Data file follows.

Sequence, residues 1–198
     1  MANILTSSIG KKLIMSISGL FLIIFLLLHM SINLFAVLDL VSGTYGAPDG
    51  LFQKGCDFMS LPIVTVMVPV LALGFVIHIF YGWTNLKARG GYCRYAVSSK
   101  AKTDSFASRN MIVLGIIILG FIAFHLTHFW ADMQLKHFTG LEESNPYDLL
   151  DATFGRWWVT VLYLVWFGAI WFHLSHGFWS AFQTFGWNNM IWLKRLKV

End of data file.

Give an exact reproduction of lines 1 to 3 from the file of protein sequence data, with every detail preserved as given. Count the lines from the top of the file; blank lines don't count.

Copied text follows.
Sequence, residues 1–198
     1  MANILTSSIG KKLIMSISGL FLIIFLLLHM SINLFAVLDL VSGTYGAPDG
    51  LFQKGCDFMS LPIVTVMVPV LALGFVIHIF YGWTNLKARG GYCRYAVSSK